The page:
I didn't feel wrong for dressing in her clothes like that, and for a few minutes the women seemed to get a kick out of it when I walked out of the bedroom to show them, but then my grandfather came home and definitely let me know it was wrong.  That's how they looked at it then anyway.  I realize many others had much worse experiences with family members than I did, but after that I totally went in the closet with it.  It would be later in my adult life before I made a serious attempt to put an entire look together and go out, and I know that repression was due to the fact that I felt like my coming out and expressing my true self was wrong, or at least it would be interpreted as being wrong.

Much deeper than any feelings that any of my actions would be seen as wrong, were the strong feelings inside of being wrong.  These feelings didn't start until I was about 12 years old, as I recall, but they played a huge role in shaping my life from that time forward.

I've described that feeling as a dark cloud that came over me and it did begin about the time of puberty.  The feeling of being wrong was organic, internal and extremely powerful at times.  Oh My God, something is Wrong!  I feel I had a chemical imbalance in my brain and I believe it was caused by the sudden surge of the dreaded hormone testosterone. 

From that point on my inner being was ruled by this tragic feeling, this dark stranger.  From the age of 16 I tried to quell these feelings with alcohol, drugs, or any form of escape.  It was only when I knocked down the testosterone and began taking female hormones that this feeling went away and I finally began to feel normal, to feel right.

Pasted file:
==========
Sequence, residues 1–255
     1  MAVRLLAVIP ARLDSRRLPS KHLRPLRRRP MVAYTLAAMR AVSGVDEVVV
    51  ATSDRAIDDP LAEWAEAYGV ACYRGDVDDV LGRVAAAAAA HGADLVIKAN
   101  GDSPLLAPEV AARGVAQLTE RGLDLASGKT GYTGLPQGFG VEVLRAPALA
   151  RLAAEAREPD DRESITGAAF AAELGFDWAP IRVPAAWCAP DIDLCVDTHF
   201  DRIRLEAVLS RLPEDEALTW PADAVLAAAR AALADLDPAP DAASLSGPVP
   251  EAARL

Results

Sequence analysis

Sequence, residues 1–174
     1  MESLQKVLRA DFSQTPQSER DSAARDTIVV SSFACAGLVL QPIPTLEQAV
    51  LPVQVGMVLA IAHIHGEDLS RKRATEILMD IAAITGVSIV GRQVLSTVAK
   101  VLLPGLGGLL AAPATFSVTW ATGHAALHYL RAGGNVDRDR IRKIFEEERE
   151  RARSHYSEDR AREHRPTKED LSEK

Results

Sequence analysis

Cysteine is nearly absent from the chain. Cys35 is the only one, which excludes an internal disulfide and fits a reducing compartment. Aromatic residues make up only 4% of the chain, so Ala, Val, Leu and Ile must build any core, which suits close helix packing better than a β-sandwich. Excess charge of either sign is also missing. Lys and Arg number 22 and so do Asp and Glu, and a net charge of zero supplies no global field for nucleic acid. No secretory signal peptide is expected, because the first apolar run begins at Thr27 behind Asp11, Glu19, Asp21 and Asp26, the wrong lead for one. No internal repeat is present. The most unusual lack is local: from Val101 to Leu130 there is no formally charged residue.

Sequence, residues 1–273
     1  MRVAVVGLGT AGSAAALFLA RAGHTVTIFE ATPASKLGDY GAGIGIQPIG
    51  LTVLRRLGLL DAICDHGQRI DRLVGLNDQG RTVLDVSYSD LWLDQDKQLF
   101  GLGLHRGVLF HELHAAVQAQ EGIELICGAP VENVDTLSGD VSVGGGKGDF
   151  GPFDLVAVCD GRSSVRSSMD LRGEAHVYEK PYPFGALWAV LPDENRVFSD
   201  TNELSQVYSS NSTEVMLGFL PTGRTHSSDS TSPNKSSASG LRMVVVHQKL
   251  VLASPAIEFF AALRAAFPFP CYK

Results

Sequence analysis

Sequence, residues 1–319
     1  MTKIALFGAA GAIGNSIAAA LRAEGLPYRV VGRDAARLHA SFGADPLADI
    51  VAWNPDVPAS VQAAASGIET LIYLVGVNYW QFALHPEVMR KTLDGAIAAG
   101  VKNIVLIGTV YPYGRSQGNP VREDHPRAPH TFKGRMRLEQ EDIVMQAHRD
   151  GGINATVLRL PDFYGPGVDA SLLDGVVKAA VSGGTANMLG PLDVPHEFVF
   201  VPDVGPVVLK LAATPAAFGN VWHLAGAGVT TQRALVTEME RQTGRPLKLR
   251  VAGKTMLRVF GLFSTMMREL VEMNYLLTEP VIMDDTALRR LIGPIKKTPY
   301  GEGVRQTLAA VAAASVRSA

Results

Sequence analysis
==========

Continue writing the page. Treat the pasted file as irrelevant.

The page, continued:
I'd had feelings of being female inside, never fit in or felt right being male and had symptoms of gender dsyphoria (including genital dsysphoria) most or all my life.  I'd found out the term and figured out I was transgender several years before beginning transition but I'd never put two and two together to figure out the chemical nature of my dark psychological cloud.  I was producing the wrong hormones and it created a clash of the titans in my brain.  The light that came on within me very soon after I began taking testosterone blockers, then the female hormone estrogen, made this crystal clear.

So for me, the word wrong is the right term to describe my inner feelings before beginning my medical transition.  None of my behaviors have been wrong and no one can make me feel wrong about the changes I've made to make myself right. 

Those that believe that what we do or how we feel is wrong, are wrong themselves in an extreme way.  We as transgender people are different, as all people are unique and different, and not all trans people have the same feelings I experienced.  We are a varied group and have varied experiences.  I just know that I survived a very dark period that lasted a very long time.  Now I feel right inside and outside,  There is nothing wrong with that.